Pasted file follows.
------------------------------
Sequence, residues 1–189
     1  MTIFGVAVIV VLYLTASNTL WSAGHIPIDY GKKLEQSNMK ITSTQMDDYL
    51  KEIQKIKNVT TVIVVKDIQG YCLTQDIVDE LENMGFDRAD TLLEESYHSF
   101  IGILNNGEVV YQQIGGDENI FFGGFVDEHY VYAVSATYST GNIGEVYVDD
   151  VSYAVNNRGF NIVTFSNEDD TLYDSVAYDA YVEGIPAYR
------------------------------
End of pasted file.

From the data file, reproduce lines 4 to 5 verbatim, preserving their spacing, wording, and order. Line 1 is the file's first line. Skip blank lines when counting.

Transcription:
   101  IGILNNGEVV YQQIGGDENI FFGGFVDEHY VYAVSATYST GNIGEVYVDD
   151  VSYAVNNRGF NIVTFSNEDD TLYDSVAYDA YVEGIPAYR